Back to Ganoksin | FAQ | Contact

Tulip-shaped ends tubing


#1

Hello,

I was hoping to find somebody to form some tubing for…probably on
an hydraulic press. All it would be is straight tubing that has been
given a slight tulip or trumpet shape for about 40% of its length.
The lengths would be around 2.5" with inside diameter from about.280"
to.300" and wall thickness of about.020" to.030". I had a tip that
there would be people on this site who would know how to do this.
Stainless steel would be the best material if possible. This would
be in a very small quantity at first but could become much more
later and involve several sizes.

I’m an inventor with an idea for something which I believe I can
make all right except for shaping the tubing. That has me stumped
and it’s not the sort of thing most machine shops would be equipped
for.

Thank you for looking at this and I hope to hear from someone who
can do this.


#2
I was hoping to find somebody to form some tubing for...probably
on an hydraulic press. All it would be is straight tubing that has
been given a slight tulip or trumpet shape for about 40% of its
length. The lengths would be around 2.5" with inside diameter from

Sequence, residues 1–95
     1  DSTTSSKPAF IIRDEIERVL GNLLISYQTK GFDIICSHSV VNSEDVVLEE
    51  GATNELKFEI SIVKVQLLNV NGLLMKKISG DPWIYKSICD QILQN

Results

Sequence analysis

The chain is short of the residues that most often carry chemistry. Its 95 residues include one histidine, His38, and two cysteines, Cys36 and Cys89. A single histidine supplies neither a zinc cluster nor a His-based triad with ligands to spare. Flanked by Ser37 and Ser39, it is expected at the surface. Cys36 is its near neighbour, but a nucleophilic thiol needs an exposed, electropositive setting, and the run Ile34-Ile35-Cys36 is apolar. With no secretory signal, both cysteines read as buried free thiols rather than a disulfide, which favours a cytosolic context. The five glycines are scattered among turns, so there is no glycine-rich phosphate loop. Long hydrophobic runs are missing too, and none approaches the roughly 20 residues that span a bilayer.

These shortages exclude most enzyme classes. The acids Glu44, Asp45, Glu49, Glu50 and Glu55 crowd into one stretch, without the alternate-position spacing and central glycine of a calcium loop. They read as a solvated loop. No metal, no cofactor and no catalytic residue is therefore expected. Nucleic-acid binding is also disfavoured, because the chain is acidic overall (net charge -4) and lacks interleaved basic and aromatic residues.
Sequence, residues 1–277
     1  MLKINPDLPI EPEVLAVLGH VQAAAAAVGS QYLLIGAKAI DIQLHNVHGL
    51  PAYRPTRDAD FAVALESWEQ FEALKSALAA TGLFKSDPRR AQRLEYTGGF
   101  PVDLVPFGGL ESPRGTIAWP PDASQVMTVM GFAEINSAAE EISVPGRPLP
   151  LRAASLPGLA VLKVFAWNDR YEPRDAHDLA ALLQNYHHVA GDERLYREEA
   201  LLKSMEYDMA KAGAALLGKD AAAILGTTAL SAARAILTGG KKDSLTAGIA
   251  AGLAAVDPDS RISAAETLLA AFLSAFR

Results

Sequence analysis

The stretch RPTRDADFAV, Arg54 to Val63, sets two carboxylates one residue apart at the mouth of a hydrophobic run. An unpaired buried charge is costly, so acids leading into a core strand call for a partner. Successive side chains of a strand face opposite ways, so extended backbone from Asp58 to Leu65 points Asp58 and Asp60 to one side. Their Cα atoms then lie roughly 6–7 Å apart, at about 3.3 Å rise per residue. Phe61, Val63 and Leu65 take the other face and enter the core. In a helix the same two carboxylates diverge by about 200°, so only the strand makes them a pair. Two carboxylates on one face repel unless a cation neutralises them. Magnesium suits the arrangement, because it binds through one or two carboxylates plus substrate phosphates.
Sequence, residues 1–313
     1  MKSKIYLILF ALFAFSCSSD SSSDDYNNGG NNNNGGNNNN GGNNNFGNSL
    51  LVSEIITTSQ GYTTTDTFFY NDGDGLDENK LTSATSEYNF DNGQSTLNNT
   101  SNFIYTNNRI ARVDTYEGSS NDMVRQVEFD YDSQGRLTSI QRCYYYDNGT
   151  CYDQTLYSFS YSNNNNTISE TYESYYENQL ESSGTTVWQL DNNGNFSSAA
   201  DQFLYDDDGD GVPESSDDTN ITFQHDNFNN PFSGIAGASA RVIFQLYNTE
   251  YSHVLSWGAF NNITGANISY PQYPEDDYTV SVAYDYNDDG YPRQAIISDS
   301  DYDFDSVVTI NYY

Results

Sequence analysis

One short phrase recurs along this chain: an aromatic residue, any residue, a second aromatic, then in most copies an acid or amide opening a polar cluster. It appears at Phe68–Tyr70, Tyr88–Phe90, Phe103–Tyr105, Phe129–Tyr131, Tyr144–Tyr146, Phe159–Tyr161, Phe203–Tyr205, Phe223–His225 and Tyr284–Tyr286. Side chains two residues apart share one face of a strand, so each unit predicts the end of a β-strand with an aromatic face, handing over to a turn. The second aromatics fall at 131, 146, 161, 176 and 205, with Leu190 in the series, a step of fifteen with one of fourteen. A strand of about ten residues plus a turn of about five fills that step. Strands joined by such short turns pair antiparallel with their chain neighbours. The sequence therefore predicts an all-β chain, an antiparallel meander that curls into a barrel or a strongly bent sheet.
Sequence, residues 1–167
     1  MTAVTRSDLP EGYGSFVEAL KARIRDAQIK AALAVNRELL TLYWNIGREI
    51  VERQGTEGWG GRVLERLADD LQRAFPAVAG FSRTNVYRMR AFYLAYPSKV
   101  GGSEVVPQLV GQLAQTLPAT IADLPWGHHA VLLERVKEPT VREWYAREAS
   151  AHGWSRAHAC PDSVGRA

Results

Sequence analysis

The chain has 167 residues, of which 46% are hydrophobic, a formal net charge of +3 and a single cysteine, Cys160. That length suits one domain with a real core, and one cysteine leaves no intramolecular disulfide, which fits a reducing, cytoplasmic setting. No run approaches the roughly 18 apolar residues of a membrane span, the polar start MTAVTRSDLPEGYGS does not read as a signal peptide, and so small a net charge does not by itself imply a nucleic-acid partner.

about.280" to.300" and wall thickness of about.020" to.030". 

Do a search for tube swaging, sounds exactly like what your
looking for. There are a myriad of companies that specalize in this
process in a number of materials…all starting with tubing and
achieving your final form, youll be amazed at the complexity of the
forms achievable. These companies are also setup for quantity runs as
well.

Good luck,
P@
www.patpruitt.com


#3
All it would be is straight tubing that has been given a slight
tulip or trumpet shape for about 40% of its length. 

Years ago I saw an exhibit at Goldsmiths in London that had bulges
stretched in tube as part of it’s construction. It said that this was
an old process rediscovered and was originally used to make the
hollow buttons that form the winder for large pocket watches.

I believe that this was done in the same way that the groove was put
in copper tube to form a hollow for the solder to sit in before ready
made fitting were available.

I have seen the tool that was used to do this it was a short rod
with a t-bar and a step in it’s size to only let it go a short
distance into the copper tube, it had a trapped ball bearing poking
out of the side, and a cam inside it. As you twisted the T-bar the
cam pushed the ball out to stretch a groove on the inside of the
copper tube.

I’d find a photo but I don’t know what it was called, the
girlfriend’s father who had one is long gone.

regards Tim Blades.


#4

The best thing for you to do is to goggle " tube flaring" and start
contacting the people that do that type of work. What you want to do
is a longer taper than usual, but you should find someone to do it
for you

Jesse